“Anyway you measure it—ACT scores, grade point average, number of valedictorians, number of Governors Scholars, National Merit Scholars—you are the best in the history of the University of Louisville and we are very proud and we’re proud that you’re” here, said President James Ramsey.
“Give it up for yourselves,” he told the more than 650 new Cardinals who gathered for convocation in Cardinal Arena. The annual event outgrew Comstock Hall in the School of Music last year.
Quoting from an essay in “This I Believe,” this year’s Book-In-Common, in which the author stated that she admired the phrase, “Wherever you are, be there,” Ramsey urged the students to take advantage of everything the university and the community offer to enhance their educations.
“Be here. Be engaged. Be Cardinals,” he said.
Judging from the numbers during Welcome Week, students already are heeding his advice.
Bid Day saw more than 303 women join Greek sororities—a record number, according to the Student Affairs’ blog. Some 600 students turned out for the SOUL community service day on Saturday, and on Aug. 16, the majority of students in the School of Law got out and did their part to help community organizations.
We could not have been more excited to welcome such a great class of first-time freshmen and transfer students, said Christy Metzger, director of First-Year Initiatives. From REACH academic prep sessions to SOUL service and Book-in-Common discussions, we saw record attendance at many of our events throughout the week. That signifies that our students are doing just what we hoped: getting out on campus; meeting our faculty, staff and students; and engaging in the life of the university right from the start.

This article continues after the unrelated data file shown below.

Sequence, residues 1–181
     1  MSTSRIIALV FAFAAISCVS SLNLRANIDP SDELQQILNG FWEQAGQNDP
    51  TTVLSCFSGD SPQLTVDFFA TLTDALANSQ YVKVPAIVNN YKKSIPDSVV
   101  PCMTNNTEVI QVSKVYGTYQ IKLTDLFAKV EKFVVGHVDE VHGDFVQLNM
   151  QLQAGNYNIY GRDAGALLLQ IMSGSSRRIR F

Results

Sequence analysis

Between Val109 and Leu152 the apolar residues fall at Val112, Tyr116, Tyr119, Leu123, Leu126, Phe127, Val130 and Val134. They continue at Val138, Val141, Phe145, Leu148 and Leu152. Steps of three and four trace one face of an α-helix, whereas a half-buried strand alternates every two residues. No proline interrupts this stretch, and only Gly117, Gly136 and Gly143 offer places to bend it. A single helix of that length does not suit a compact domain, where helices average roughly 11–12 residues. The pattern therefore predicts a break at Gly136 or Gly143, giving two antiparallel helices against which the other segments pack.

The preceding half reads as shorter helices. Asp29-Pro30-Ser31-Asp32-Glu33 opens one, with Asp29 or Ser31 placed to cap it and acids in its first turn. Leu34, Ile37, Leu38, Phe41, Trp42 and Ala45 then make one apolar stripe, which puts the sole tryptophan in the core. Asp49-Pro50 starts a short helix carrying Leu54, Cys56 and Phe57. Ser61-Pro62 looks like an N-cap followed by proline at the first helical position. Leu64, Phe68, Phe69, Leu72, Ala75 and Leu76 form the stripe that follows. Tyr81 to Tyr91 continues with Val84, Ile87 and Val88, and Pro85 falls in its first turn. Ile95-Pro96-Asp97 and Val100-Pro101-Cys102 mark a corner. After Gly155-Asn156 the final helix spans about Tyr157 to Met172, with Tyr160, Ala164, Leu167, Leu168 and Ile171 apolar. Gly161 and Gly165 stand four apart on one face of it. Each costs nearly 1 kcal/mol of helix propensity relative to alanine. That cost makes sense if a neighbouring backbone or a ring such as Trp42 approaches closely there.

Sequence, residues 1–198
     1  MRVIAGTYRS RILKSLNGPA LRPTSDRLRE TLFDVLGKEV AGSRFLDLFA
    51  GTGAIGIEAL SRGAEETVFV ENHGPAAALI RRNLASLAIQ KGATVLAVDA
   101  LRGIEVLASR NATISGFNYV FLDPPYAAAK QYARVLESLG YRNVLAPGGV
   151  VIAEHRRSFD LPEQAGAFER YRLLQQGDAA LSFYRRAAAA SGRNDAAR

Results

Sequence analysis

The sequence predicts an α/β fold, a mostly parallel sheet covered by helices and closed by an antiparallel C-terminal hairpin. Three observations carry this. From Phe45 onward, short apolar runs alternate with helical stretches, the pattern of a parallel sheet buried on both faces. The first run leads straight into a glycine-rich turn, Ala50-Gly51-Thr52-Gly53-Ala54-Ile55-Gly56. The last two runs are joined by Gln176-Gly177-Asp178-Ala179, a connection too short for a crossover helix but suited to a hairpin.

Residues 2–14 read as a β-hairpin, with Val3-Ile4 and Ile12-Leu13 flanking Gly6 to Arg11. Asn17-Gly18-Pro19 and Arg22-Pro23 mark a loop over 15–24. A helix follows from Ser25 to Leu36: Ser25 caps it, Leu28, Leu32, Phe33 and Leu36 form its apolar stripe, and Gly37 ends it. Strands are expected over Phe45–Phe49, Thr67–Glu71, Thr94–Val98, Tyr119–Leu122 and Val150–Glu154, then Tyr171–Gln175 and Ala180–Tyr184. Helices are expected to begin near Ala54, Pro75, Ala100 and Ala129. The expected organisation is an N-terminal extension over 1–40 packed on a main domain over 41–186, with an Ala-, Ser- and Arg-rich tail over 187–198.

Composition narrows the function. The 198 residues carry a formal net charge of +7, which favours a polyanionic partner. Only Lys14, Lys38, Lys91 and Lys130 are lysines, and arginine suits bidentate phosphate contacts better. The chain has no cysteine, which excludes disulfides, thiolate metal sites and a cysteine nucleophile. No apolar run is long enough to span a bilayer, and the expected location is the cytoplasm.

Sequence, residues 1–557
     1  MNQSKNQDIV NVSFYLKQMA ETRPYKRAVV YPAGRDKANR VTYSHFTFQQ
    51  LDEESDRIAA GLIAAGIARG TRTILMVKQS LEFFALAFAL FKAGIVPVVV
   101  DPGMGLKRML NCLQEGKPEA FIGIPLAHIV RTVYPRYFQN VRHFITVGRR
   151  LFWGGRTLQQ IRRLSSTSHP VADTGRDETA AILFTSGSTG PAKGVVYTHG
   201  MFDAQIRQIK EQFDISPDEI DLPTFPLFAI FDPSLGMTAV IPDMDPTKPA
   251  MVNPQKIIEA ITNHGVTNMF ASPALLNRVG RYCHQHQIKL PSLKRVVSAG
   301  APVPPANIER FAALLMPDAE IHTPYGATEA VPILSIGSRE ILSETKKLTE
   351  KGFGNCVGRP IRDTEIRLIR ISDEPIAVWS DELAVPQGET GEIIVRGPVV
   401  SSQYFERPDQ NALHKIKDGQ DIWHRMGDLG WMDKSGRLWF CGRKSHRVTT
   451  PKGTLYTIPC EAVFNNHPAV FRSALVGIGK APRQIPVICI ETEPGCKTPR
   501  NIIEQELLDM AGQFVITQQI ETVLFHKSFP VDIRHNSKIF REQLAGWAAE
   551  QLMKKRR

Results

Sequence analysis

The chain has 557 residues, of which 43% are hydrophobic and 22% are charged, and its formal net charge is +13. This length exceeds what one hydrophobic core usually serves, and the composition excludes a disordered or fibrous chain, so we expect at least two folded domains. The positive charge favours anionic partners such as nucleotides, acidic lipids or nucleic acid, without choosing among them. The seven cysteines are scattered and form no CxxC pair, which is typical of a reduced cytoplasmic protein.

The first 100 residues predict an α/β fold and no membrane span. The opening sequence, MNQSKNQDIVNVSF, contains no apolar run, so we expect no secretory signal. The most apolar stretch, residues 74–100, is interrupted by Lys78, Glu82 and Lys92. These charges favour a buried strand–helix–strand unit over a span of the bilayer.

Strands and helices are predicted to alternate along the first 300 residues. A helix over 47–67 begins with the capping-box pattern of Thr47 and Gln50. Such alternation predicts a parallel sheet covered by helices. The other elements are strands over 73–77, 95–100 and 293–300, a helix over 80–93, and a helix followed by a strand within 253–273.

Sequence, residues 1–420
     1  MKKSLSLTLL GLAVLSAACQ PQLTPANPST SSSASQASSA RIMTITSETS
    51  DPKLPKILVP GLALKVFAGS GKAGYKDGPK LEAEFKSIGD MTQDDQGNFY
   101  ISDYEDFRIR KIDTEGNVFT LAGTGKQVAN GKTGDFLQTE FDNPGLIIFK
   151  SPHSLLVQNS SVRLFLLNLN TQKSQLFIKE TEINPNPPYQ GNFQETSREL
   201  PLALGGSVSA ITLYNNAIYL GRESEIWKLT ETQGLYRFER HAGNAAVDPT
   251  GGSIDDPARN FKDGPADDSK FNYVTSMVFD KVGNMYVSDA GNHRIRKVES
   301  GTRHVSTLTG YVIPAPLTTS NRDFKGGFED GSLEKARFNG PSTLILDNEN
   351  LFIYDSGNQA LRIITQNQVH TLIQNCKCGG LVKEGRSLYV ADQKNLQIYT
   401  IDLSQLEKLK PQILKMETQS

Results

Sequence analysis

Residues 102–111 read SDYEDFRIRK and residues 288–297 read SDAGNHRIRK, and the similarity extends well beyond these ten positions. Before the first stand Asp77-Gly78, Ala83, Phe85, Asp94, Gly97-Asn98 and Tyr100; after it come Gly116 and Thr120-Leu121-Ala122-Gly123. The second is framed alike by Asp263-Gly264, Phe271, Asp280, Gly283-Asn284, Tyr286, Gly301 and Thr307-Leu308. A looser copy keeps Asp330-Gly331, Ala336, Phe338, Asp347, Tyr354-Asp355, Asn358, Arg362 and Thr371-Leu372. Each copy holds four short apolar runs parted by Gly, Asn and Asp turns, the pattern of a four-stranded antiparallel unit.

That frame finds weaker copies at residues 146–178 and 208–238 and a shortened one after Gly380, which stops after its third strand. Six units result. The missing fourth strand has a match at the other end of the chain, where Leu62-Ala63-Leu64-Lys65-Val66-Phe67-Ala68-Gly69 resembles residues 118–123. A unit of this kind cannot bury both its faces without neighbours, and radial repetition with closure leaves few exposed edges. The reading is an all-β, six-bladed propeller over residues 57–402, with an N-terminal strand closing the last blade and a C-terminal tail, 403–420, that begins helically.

Both Ramsey and Provost Shirley Willihnganz spoke at convocation before helping Tom Jackson, vice president for student affairs, and Michael Mardis, dean of students, distribute CARDS caps.
Think of them as placeholders until you earn your degree and put on a mortar board, Willihnganz said.
Willihnganz told the new students two stories—the first about an optimistic person whose response for every situation was, “This is good,” and the second about the harsh introduction baby giraffes receive after they are born as mother giraffes repeatedly kick their babies to make them stand. The provost did so to make several points about “some things that I believe it’s important for you to think about as you begin this wonderful journey.”
Namely, that “…If you have some optimism and some ability to try to see the good in things, it will be easier.”
It’s also important to “Work to find the vision or dream of what you think needs to be accomplished … and if you get knocked down … no matter how often … get up again—and again, and in four years you will have a college degree…”
But, she told the students, “While you are thinking about what you believe and while you find your beliefs changing, also be yourself because that is the most true thing that can happen for you here.
“College is an amazing opportunity. You are an amazing person. We are amazingly glad that you are here. And as I look out on you, one thing that I can say for sure, this is good.”